I also am a realist. Sometimes the Lord’s assignment is short. Sometimes a pastor has no control over things that happen. There is a right time to conclude an assignment. ... Leaving can be as much a step of obedience as staying. The fact remains, many pastors leave their assignment prematurely and by doing so miss the incredible opportunities longevity can bring.
 
7. Long range goals are possible
Royer observes that it is foolish to take a one size fits all approach to a pastorate. Successful methods in one place are rarely equally useful in another. “Vicinities and congregations differ of necessity, and the elements which differentiate one congregation from another may require years to master and control. It is also true that the same community and pastorate change vastly.”
He also says that it is only the long term pastor who “can secure unity of purpose in a congregation”. Many churches suffer from the arrival of a series of young men all with their own ideas. In Childs Hill the pattern from the fifties to the seventies was (to caricature) – a fundamentalist, followed by a Lloyd-Jones man, followed by an activist, followed by a Charismatic. Because these men only stayed between four and seven years they had an impact but no really lasting impact. Meanwhile the church got pulled in this direction and that to no great purpose.
8. You have the opportunity to see a generation rise
This may not apply quite where a congregation finds it hard to keep its young people but it is still a joy, for example, to know that someone I dedicated as a child is now on the mission field herself in France, a mother of three. Beasley-Murray says
It is a wonderful privilege, for instance, to be involved with families over a period of time and to see those children brought for a service of dedication later confess their own faith in baptism; and then at a later stage to be involved in their marriage and even in the dedication of their children.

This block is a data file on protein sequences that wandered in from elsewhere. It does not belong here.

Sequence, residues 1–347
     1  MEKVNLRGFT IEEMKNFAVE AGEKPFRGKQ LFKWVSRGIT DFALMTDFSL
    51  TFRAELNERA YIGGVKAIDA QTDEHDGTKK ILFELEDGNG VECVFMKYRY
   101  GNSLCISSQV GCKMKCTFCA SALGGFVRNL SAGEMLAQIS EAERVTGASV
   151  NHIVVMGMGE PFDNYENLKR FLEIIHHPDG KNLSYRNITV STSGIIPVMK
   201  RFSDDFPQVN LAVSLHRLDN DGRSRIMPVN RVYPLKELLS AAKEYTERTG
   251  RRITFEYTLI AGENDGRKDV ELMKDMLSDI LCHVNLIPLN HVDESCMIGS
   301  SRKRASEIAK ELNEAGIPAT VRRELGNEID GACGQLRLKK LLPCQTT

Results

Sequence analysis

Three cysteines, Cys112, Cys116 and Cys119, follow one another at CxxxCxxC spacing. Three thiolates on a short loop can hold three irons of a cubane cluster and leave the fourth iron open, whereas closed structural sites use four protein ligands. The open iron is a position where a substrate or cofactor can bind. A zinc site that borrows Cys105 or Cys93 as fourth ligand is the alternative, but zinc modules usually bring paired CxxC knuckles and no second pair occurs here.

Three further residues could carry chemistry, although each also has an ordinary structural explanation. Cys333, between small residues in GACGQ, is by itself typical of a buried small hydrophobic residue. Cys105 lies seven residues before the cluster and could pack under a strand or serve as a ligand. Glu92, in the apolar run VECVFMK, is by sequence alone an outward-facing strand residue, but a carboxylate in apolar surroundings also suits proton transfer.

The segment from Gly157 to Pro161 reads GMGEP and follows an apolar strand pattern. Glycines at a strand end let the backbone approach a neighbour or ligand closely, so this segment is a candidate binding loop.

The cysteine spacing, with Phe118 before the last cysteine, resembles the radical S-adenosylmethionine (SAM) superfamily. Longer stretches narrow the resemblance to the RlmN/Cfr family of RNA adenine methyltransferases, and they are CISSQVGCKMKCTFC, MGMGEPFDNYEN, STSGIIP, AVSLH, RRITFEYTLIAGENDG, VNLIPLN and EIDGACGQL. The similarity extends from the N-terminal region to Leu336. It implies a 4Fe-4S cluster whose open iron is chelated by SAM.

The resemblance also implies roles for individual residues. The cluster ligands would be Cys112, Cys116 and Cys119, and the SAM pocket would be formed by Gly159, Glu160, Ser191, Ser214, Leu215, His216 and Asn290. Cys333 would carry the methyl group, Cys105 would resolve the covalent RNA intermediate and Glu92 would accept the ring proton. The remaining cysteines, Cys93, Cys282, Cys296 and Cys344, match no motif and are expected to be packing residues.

9. You have an opportunity to see the teaching take root
Royer says of the minister “unless his ministry extends over a number of years, he will leave them much as he found them in their way of thinking, believing, and doing.”
Dreselhaus and others say that if you look at the work of the Barna Group, you will find that the median number of years pastors have served in their present assignment is four. (According to Jerry Scruggs, with forced terminations on the increase, the median tenure for Southern Baptist pastors is barely three years; 'The Flexible Leader', Search Winter 1991, 30). Other stats suggest maximum effectiveness does not occur until around the seventh year. (Others note that growth often occurs between five and ten years in). “The point is irresistibly clear:” Dreselhaus says “most pastors leave before they achieve their maximum impact in ministry.”
10. You have the opportunity to see the impact of a full ministry
It is not good for a church to keep changing its minister. Every time a change comes too soon the full impact of a ministry is not seen.